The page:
30 Renowned Writers Speaking About God & Reason

This past sum­mer, Jonathan Parara­jas­ing­ham, a neu­ro­sur­geon in Lon­don, cre­at­ed a mon­tage of 100 renowned aca­d­e­mics, most­ly all sci­en­tists, talk­ing about their thoughts on the exis­tence of God. (Find it in two parts here and here.) Now’s he back with a new video, 30 Renowned Writ­ers Speak­ing About God. It runs 25 min­utes, and it offers as much a cri­tique of ortho­dox reli­gious belief as it does a lit­er­ary trib­ute to human­ism and ratio­nal­ism. Isaac Asi­mov, Arthur C. Clarke, Salman Rushdie (who kind­ly tweet­ed us this week­end), Mar­garet Atwood, Philip Roth — they all make an appear­ance. The full list of writ­ers appears below the jump.

And, before we close, let me say this. When­ev­er we post videos like these, we get the ques­tion. Why the occa­sion­al focus on atheism/rationalism/humanism? And the sim­ple answer comes down to this: If you cov­er writ­ers, aca­d­e­mics and sci­en­tists, the think­ing skews in that direc­tion. Yes, there are excep­tions, but they are in short­er sup­ply. But if some­one pulls them togeth­er and makes a mon­tage, we’ll like­ly fea­ture it too. H/T RichardDawkins.net

Note: As you may have noticed, we have been expe­ri­enc­ing inter­mit­tent out­ages over the past cou­ple of days. Our host, Dreamhost, has been stum­bling more than we’d like. So we’re fig­ur­ing out alter­na­tives and hope­ful­ly mak­ing a move soon. Our apolo­gies for the incon­ve­nience!

1. Sir Arthur C. Clarke, Sci­ence Fic­tion Writer
2. Nadine Gordimer, Nobel Lau­re­ate in Lit­er­a­ture
3. Pro­fes­sor Isaac Asi­mov, Author and Bio­chemist
4. Arthur Miller, Pulitzer Prize-Win­ning Play­wright
5. Wole Soyin­ka, Nobel Lau­re­ate in Lit­er­a­ture
6. Gore Vidal, Award-Win­ning Nov­el­ist and Polit­i­cal Activist
7. Dou­glas Adams, Best-Sell­ing Sci­ence Fic­tion Writer
8. Pro­fes­sor Ger­maine Greer, Writer and Fem­i­nist
9. Iain Banks, Best-Sell­ing Fic­tion Writer
10. José Sara­m­a­go, Nobel Lau­re­ate in Lit­er­a­ture
11. Sir Ter­ry Pratch­ett, NYT Best-Sell­ing Nov­el­ist
12. Ken Fol­lett, NYT Best-Sell­ing Author
13. Ian McE­wan, Man Book­er Prize-Win­ning Nov­el­ist
14. Andrew Motion, Poet Lau­re­ate (1999–2009)
15. Pro­fes­sor Mar­tin Amis, Award-Win­ning Nov­el­ist
16. Michel Houelle­becq, Goncourt Prize-Win­ning French Nov­el­ist
17. Philip Roth, Man Book­er Prize-Win­ning Nov­el­ist
18. Mar­garet Atwood, Book­er Prize-Win­ning Author and Poet
19. Sir Salman Rushdie, Book­er Prize-Win­ning Nov­el­ist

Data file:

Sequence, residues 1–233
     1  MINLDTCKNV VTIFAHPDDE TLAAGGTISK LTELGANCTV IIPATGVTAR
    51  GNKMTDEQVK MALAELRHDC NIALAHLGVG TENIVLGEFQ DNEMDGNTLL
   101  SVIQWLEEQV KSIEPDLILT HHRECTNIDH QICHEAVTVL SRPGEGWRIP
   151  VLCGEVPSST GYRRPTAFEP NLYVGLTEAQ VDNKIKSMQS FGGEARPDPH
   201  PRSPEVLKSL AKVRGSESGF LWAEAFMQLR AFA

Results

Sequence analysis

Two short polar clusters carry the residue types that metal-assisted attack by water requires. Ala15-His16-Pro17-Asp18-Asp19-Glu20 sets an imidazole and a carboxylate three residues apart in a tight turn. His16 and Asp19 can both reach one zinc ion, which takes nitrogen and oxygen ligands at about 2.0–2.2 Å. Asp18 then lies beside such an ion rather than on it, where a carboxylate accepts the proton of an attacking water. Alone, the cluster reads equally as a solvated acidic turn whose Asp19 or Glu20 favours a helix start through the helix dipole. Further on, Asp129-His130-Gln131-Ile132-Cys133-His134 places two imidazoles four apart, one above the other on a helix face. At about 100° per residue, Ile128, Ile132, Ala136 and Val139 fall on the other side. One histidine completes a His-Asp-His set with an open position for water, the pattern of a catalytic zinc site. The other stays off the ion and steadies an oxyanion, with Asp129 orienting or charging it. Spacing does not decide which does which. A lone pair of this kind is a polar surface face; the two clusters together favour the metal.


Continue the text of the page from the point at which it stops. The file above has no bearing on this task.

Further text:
20. Nor­man Mac­Caig, Renowned Scot­tish Poet
21. Phillip Pull­man, Best-Sell­ing British Author
22. Dr Matt Rid­ley, Award-Win­ning Sci­ence Writer
23. Harold Pin­ter, Nobel Lau­re­ate in Lit­er­a­ture
24. Howard Bren­ton, Award-Win­ning Eng­lish Play­wright
25. Tariq Ali, Award-Win­ning Writer and Film­mak­er
26. Theodore Dal­rym­ple, Eng­lish Writer and Psy­chi­a­trist
27. Rod­dy Doyle, Book­er Prize-Win­ning Nov­el­ist
28. Red­mond O’Han­lon FRSL, British Writer and Schol­ar
29. Diana Athill, Award-Win­ning Author and Lit­er­ary Edi­tor
30. Christo­pher Hitchens, Best-Sell­ing Author, Award-Win­ning Colum­nist

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Comments (13)
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  • Jan Fischer says:

    Fas­ci­nat­ing! It is amaz­ing to me that infin­i­tes­i­mal per­sons on this unfath­omable earth whose very birth was deter­mined by forces oth­er than their own, should have the gall to stand up and say, “I know there is no God” by the pow­er of my own rea­son. Your rea­son is flawed by thou­sands of fac­tors and it has no author­i­ty to declare God real or imag­i­nary. God is not reli­gion. Reli­gion is man-made and we could well live with­out it. God is real, not because you say he is or is not real, but because HE said it and he has the author­i­ty to declare it. You would have no rea­son (or imag­i­na­tion, or lan­guage or sci­ence) with­out God. When men trust in their own rea­son apart from God, they become fools. Only death will reveal what what is real to them because their hearts are hard­ened and they will not lis­ten to the truth.

  • Brian says:

    Jan,…you’re defeat­ed by your own argu­ment!

  • Bob says:

    Jan, you say that god is real because “he said it”?

    Wow–I must’ve missed that announce­ment.

    Well, you can have your own beliefs–but you can­not have your own facts. The fact is this: all gods are imag­i­nary.

    Good luck with your delu­sion!

  • Beckie says:

    “Only death will reveal what what is real to them because their hearts are hard­ened and they will not lis­ten to the truth.” Umm Jan, when I’m dead, I don’t think I’ll care. But I don’t know for sure, cuz I’ll be…dead. Reveal­ing truth after death seems stu­pid.

  • Dee says:

    i love your posts! keep them com­ing :)

  • Jan Fischer says: